Byron stared directly into her eye then, his amber eyes full of hurt and sadness. “For the same reason you will,” he said. “Because I am broken and when he touches me, I feel whole again.”

Asta reached out and laid her hand on his cheek, first her left and then her right. She pulled his face in her hands toward her and kissed him. She could taste tears on his lips.

Lila-Asta“Oh, my Georgie, so tortured.” She kissed him again. “So very alone.”

“You don’t want me,” he said against her mouth.

She shook her head and then pressed her cheek to his.

“Give yourself to him, then,” Byron said, and pulled away. “Just know you must give all of yourself; he only knows how to take it all.”

“Like you,” she said.

He hardened and backed away. “You’ve been warned,” he said as he turned, dragging his bad foot, and headed for the door. “Good night, sister.”


How does Asta feel about the confession Byron makes? She is intrigued. She does not feel afraid. She hardly believes it and even if she did, Byron has survived what she imagines her own encounter will be like. She considers herself stronger than Byron.

When Asta comes to Blue, she knows what he is. She decides to give herself to him anyway. She trusts Blue not to hurt her. Trust that, as it turns out, is misplaced.


We have a guest post today, submitted by Blue Francis Hastings, Earl of Huntingdon and narrator of Seduction of an Innocent, my second novel. Leave comments and questions for Blue below.

I was restless in Vegas. That’s why I started reading. I lifted a worn copy of Atlas Shrugged from under the bar at Sabrina’s. One of the customers saw me reading it and brought in a collection of critical essays on it. I was hooked.

After that, the same customer brought me syllabi from various English courses at UNLV and I read through the required work and the criticism. In the seven years we were in Vegas, I completed about forty English classes.

My favorite work was American Literature. I especially liked the Realism era beginning with Henry James and bleeding over into Stephen Crane. I was drawn to determinism. Sister Carrie moved me in a way I couldn’t really understand.

I knew that destiny and fate were romantic ideas. I knew they were consolation for the seemingly random pain and suffering of the human experience. They worked like religion: the concept of Heaven is merely a draught to help those in pain look beyond their current strife. Like spiritual opium.

Destiny told believers that there was some master plan of which they were simply a part. That the outcomes of their struggles were predetermined.

I didn’t believe that.

I couldn’t.

How could any rational being suggest that my extraordinary existence had been mapped out by anything other than chance? Who could think this shit up?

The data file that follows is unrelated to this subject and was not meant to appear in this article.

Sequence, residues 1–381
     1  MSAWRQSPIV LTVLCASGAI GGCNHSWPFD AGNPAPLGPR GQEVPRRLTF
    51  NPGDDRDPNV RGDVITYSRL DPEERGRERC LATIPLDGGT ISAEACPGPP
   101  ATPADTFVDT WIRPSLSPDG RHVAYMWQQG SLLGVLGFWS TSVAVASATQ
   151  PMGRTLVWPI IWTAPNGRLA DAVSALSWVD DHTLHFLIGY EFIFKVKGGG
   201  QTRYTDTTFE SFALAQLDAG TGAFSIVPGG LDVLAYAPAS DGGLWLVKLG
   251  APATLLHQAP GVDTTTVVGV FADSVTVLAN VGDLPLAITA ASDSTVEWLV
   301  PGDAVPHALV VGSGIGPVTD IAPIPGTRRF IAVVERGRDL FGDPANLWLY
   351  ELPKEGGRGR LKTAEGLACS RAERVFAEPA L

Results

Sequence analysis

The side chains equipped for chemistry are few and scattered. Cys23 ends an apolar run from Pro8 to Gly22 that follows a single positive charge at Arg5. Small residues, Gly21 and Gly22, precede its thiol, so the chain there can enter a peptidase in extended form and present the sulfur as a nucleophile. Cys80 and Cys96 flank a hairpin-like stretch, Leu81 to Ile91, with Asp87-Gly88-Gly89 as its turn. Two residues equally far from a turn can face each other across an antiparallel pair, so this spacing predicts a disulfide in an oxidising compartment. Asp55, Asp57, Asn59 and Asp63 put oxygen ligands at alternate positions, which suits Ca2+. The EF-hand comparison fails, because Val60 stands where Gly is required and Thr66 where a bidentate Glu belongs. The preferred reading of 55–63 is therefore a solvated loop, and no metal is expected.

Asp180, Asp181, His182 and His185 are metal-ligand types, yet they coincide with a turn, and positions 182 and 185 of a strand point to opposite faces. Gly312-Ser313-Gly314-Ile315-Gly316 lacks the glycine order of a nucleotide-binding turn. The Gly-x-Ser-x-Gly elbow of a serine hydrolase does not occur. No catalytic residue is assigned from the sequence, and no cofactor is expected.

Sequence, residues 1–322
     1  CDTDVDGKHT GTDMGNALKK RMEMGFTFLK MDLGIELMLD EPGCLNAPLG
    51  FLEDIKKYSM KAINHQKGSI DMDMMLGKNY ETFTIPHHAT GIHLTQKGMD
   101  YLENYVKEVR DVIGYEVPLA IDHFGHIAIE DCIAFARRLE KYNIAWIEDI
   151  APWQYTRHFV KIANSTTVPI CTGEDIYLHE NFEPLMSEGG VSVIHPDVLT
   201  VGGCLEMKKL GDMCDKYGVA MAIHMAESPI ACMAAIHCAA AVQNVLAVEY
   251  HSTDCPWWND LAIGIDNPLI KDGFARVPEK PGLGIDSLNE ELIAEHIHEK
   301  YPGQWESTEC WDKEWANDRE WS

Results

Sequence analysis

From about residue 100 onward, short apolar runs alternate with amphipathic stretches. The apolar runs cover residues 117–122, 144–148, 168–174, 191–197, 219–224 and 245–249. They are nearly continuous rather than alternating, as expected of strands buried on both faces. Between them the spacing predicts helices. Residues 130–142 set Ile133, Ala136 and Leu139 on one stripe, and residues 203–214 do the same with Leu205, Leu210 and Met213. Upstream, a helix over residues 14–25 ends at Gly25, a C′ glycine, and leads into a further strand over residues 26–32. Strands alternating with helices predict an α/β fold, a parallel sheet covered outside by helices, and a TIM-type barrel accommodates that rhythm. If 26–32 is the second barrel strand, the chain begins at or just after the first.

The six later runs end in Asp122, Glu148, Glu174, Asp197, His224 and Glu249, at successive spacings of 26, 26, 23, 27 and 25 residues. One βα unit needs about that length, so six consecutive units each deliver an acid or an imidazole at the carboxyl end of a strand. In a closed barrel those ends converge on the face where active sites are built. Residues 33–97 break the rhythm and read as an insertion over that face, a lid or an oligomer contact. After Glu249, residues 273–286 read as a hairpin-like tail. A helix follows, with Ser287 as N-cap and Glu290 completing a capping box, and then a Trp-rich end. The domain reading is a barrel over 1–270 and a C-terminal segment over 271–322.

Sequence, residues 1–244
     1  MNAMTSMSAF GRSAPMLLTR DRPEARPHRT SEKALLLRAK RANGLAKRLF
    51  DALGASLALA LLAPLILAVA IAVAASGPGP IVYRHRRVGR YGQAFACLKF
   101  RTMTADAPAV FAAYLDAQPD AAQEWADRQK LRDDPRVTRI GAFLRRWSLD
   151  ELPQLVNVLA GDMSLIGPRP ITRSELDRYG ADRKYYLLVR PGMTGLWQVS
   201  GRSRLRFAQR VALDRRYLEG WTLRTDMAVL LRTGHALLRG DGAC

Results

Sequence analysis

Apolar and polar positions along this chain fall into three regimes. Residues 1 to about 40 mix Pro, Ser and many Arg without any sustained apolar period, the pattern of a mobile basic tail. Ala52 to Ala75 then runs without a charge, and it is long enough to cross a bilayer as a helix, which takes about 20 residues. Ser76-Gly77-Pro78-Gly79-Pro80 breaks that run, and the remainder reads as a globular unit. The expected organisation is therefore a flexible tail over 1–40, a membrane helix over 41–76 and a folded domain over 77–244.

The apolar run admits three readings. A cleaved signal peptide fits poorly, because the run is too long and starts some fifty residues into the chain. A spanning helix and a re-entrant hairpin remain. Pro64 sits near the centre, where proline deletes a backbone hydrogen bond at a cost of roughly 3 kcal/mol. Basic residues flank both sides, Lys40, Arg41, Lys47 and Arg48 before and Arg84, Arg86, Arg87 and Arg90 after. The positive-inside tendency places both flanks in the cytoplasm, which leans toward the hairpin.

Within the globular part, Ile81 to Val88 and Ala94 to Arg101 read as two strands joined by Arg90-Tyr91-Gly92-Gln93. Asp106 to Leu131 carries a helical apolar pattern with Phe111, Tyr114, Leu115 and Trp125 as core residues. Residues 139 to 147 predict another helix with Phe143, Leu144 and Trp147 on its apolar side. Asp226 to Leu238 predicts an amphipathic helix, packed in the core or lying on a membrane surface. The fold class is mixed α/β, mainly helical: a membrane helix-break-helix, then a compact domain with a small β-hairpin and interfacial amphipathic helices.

Car accident, rescued by a vampire morgue employee.

Living in Vegas as a bartender and hired killer.

Guardian over my vampire best friend’s human wife.

Meeting my true love in fucking Kansas of all places.

No, there was no such thing as destiny. There couldn’t be. If there had been, then all of those contracts, the planned termination of other people’s lives, were foretold. And the events leading to that necessary act had been planned by some great puppeteer as well.

What kind of monstrous supernatural being would allow the possession and abuse of young girls?

I killed those men for hurting the girls. That did not make me a sword of justice. I am still only a predator myself. I am survival of the fittest.

There can be no being in charge of all this chaos. If there were, that being is most certainly not worthy of praise or commendation.

Still, fate is a cruel sprite. She encourages fantasy and romanticism. She teases with signs and coincidence.

I read Dreiser and thought about determinism as the sad sister of fate and destiny. While the latter encouraged hope and purpose, the former doomed all beings to clawing at the stone walls of our own dark wells.

To reject destiny and determinism, though, is to become comfortable with chaos. I was not only comfortable with chaos – I didn’t question it, didn’t wonder about it, didn’t reject it – I was an agent of chaos. I encouraged it and perpetuated it. Raven taught me how.

The only regret I have is that I didn’t know I was that – the catalyst for chaos – for a very long time. And that when I did learn, that I experienced for the first time the shame Sara had described to me. Not because of killing people, I’ve already explained that. This shame was over my intentional disruption of other people’s carefully organized lives.

Disruption of Asta’s life. Of Byron’s.

My influence was brutal and had I known, at the time, I might have held back. But I didn’t.